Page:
• As we like to reiterate in every recipe, using the freshest juices available makes a huge difference. The Mai-Kai does use the ubiquitous Dole brand of pineapple juice, but feel free to press your own fresh juice. The Mai-Kai gets orange juice fresh-squeezed from a local provider, Kennesaw. If you’re outside of Kennesaw’s distribution area, use any quality fresh, lightly pasteurized OJ from Florida (or squeeze your own). The Mai-Kai’s tart Key lime juice blend adds a distinctive flavor. We recommend mixing 2 parts of bottled Key lime juice with 1 part of fresh-squeezed Persian lime juice to come close to the same blend.

  • A rich 2:1 sugar syrup is essential to add the required sweetness to balance the liquors and acidic juices.

Zula #2 is a "lost cocktail" that you can still order at The Mai-Kai. (Photo by Hurricane Hayward, October 2016)
Zula #2 is a “lost cocktail” that you can still order at The Mai-Kai. (Photo by Hurricane Hayward, October 2016)
  • Traditionally, The Mai-Kai has used Fee Brothers falernum, a syrup (not a liqueur) that closely resembles the old formula that Don the Beachcomber would have used to spice up his vintage Tiki cocktails. Other options include Latitude 29 Formula Falernum from Orgeat Works, or a rich homemade version.

  • Though it’s a strong drink, the Zula features smooth rums that take a back seat to the citrus and other flavors. We recommend Appleton Estate Signature as the lightly aged Jamaican rum, which offers great quality for the price. It’s also a rum The Mai-Kai uses frequently (see the full list). For the dark Jamaican rum in version 1 of Zula #1, you could upgrade to Appleton’s 8- or 12-year-old Estate rums, or go for something a little bolder depending on your tastes. Just avoid anything funkier than traditional dark Jamaican rums such as Coruba or Meyers’s. There’s a wide variety of lightly aged Spanish-style rum (both white and gold) from Puerto Rico. Bacardi and Don Q are the most obvious choices. But any good Spanish-style rum should work, including those from the Virgin Islands (Cruzan), Nicaragua (Flor de Cana), and elsewhere in the Caribbean and Central America.

  • Herbsaint and Pernod can be considered interchangeable, though Pernod can have a more aggressive flavor. We prefer the milder Herbsaint in the Zula. However, it’s likely The Mai-Kai currently uses Pernod, despite the menu description that dates back to the 1970s.

Agree or disagree? Share your reviews and comments below!

Okole maluna!


Postscript: Zula on social media

12 Replies to “Mai-Kai cocktail review: Double your pleasure with the exotic and delicious Zula #1 (and #2)”

  1. Lovin’ these recipes! This is a great undertaking and a truly indispensable resource.

    In regards to the Zula’ anscestor–I think it’s quite similar to the Penang Afrididi #1 (see Sippin’ Safari). It has a similar flavor profile (lime, pineapple, orange and herbsaint) and DTB also offered it as a #1 (on the rocks) or #2 (smaller and served up).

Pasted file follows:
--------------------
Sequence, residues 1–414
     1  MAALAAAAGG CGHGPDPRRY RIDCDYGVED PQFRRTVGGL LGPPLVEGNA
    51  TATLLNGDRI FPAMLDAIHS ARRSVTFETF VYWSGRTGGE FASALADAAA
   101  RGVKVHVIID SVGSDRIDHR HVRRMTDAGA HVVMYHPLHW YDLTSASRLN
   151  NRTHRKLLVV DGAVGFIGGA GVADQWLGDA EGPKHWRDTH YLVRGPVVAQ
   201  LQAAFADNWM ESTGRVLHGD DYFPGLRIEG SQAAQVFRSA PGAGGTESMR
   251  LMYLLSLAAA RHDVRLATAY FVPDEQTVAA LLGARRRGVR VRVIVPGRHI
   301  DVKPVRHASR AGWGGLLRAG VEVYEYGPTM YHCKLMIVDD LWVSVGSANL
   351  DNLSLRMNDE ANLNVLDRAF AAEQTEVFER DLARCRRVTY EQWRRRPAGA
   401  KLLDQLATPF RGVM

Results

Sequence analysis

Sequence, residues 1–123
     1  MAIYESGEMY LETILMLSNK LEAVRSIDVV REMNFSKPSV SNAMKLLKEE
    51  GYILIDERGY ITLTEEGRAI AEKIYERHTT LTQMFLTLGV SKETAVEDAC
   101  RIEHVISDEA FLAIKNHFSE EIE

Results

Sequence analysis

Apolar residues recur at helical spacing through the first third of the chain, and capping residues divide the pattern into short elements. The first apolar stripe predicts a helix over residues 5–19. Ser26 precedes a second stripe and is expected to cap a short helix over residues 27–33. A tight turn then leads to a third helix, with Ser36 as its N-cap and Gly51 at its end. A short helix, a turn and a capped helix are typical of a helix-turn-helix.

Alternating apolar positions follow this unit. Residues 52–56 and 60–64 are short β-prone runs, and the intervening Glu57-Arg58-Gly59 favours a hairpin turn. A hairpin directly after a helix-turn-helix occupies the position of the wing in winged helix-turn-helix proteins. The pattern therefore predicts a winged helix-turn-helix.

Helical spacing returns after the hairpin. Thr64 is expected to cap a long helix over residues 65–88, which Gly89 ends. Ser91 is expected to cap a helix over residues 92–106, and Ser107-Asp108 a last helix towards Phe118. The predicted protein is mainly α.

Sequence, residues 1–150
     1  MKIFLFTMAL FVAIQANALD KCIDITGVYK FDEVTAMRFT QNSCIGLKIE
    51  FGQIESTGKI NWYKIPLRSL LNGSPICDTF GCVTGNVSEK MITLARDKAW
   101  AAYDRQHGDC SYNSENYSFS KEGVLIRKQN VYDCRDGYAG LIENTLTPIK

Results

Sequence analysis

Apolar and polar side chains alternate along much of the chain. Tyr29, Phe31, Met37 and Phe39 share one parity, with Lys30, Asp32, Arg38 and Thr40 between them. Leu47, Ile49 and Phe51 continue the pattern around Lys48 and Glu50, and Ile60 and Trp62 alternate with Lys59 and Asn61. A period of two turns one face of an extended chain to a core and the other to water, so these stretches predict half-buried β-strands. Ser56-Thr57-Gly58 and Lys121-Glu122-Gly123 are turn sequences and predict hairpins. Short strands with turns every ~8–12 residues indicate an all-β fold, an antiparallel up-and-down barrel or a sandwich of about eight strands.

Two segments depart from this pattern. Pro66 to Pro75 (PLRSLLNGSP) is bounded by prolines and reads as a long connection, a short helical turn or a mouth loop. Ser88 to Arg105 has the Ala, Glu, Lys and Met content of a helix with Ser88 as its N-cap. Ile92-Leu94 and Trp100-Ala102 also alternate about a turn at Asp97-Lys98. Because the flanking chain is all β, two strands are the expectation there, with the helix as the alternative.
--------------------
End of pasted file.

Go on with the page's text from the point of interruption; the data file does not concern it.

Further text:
In any case I’m having one of these tonight

    1. Mahalo Quince, I just saw what you and mamelukkikala posted on Tiki Central. That one slipped by me, and all the other experts who I shared my list with.

      That now makes 28 known Don the Beachcomber descendants on The Mai-Kai menu. I’ll be updating the review and posting the ancestor recipe posthaste.

      Okole maluna!

  2. Really tasty! Definitely more juice-centric than the Penang, which is totally consistent with the character of the Mai Kai.

    The Zula is a really intersting drink to me–I didn’t care for it when I first tried it, but as my tastes matured it grew on me. I rank it right up there with my other favorites, the Special Planters, the Zombie, the Gardenia Lei, the Cobra Kiss, and the 151 Swizzle.

    Keep up the great work! I especially like that you’re turning me on to drinks I’ve overlooked in the past, like the Hidden Pearl, and the KO Cooler (definitely trying those on my next visit.)

    1. Glad to be of service!

      We’re in the final stretch, with 12 more weeks of Mai-Kai reviews to go, but I’m sure we’ll find a way to continue our research ad infinitum.


  3. You forgot the 1/2 passion fruit syrup in your repost of the Penang recipe. Makes a big difference. 🙂

    1. Thanks Rob, it was an oversight. I’ve added it.

      Let me know what you think of the tribute recipe. I used sugar syrup instead of passion fruit and it seemed to come closer to The Mai-Kai’s version. I’ve never tasted passion fruit in the Zula.


  4. Great job on the update, tastes like what I remember. A really fantastic cocktail.

    The old version from several years ago was more sour, I remember it being kind of lemony and more anise-forward.

  5. Tribute to The Mai-Kai’s Zula #1 ABV is 20%, not too heavy on the palate despite the 3 oz. rum. Just mixed it up and tasted it and it is a well balanced drink. I used Mount Gay Eclipse and Coruba Dark, shaken with cracked ice, all poured into a Trader’s tiki mug (Don doesn’t really sell anything nicer), Guests will love this tribute that is better than the original.